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  1. A Maqsood1,
  2. M Zi1,
  3. S Prehar1,
  4. T Mohamed1,
  5. S Ray2,
  6. L Neyses1,
  7. D Oceandy1
  1. 1 University of Manchester
  2. 2 University Hospital of South Manchester


    Because of its key role in the development of heart failure, cardiac hypertrophy becomes one of the main focuses of current research. The Hippo signalling pathway has recently moved to centre stage in this field because of it plays major role in cardiomyocyte proliferation and regeneration of the embryonic and newborn heart. However, its role in remodelling of the adult heart is less clear. Here we use an integrative biology approach incorporating molecular, cellular, in vivo animal model and translational bench to bedside research to characterise the role of mammalian STE20-like kinase 2 (Mst2), one of the two mammalian orthologs of Drosophila hippo, in cardiac hypertrophy.

    Mice with genetic ablation of Mst2 gene (Mst2−/−) exhibited a significant reduction of hypertrophy in response to transverse aortic constriction (TAC): heart weight/tibia length ratio after 2 weeks TAC: Mst2−/−, 7.32 mg/mm vs wild type (WT), 8.35 mg/mm, n=8, P<0.05. Mst2−/− mice showed a significant reduction of cardiac fibrosis, lower expression of hypertrophic markers (BNP and ANP) and better contractility (end systolic elastance) compared to WT following TAC. Consistently, Mst2−/− mice showed reduce hypertrophy and fibrosis following chronic infusion with Angiotensin II. Interestingly, no alteration of cardiomyocyte proliferation was observed either basally or after TAC as indicated by phospho-Histone H3 staining. Mechanistically, we found that Mst2 interacted with Raf1 and activated the pro-hypertrophic Raf1-ERK1/2 pathway in cardiomyocytes. Mutation in the kinase domain of Mst2 (K56R mutation) abolished the ability to activate Raf1-ERK1/2 pathway. However, activation of the canonical downstream effectors of the Hippo pathway (LATS and YAP) were not affected by Mst2 ablation. Clinical implication of this finding was revealed as our initial genetic study in mitral valve prolapse patients showed an association between a polymorphism in the human Mst2 gene (+214G/A) and adverse cardiac remodelling: patients with homozygous G allele had larger LVmass than patients with GA or AA allele (n=62, P<0.05). Using cellular model we found that the polymorphism in patients with higher remodelling (+214GG) directed higher gene expression.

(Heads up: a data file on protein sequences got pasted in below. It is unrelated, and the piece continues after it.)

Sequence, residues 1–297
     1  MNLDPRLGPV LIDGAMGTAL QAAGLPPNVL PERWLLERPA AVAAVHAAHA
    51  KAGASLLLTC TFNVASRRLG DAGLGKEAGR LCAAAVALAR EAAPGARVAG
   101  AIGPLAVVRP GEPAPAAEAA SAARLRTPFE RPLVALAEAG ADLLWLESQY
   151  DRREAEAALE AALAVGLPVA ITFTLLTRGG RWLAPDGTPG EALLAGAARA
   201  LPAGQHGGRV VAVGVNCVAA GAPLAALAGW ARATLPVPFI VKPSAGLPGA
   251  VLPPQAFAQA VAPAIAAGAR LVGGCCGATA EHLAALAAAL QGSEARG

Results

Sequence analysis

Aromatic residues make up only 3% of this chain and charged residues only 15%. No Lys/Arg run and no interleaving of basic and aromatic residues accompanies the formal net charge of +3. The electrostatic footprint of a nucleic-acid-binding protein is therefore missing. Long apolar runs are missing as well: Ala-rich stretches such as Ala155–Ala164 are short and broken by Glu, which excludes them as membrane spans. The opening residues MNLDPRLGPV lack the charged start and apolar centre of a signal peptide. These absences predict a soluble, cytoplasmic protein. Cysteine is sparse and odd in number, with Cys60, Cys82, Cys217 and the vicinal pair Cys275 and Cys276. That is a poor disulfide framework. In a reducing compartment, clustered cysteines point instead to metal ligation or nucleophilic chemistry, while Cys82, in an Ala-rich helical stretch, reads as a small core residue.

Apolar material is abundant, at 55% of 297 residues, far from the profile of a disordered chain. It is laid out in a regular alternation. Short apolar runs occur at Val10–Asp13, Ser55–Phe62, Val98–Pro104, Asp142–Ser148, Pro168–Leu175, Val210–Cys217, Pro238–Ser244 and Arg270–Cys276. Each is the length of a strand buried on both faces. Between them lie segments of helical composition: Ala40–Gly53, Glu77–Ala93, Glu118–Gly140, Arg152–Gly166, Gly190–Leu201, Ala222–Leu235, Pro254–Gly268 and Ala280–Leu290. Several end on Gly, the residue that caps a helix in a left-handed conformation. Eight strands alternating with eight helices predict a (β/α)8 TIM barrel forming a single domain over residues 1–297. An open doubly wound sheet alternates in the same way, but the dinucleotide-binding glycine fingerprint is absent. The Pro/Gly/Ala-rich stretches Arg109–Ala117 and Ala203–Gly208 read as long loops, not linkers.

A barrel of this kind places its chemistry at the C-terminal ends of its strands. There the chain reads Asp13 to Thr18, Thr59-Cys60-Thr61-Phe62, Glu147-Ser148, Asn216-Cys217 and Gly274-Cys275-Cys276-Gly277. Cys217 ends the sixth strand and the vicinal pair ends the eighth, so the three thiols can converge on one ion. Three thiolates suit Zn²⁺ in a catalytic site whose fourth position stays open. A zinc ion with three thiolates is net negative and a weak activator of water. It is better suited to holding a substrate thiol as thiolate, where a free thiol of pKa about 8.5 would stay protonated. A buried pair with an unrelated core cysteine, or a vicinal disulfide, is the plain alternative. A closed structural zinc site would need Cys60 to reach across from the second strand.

Our data shows that Mst2 regulates cardiac hypertrophy by modulating the Raf1-ERK1/2 pathway. It also provides evidence that Mst2 may play a major role in left ventricular remodelling in human heart disease, thereby revealing a potentially new therapeutic target.

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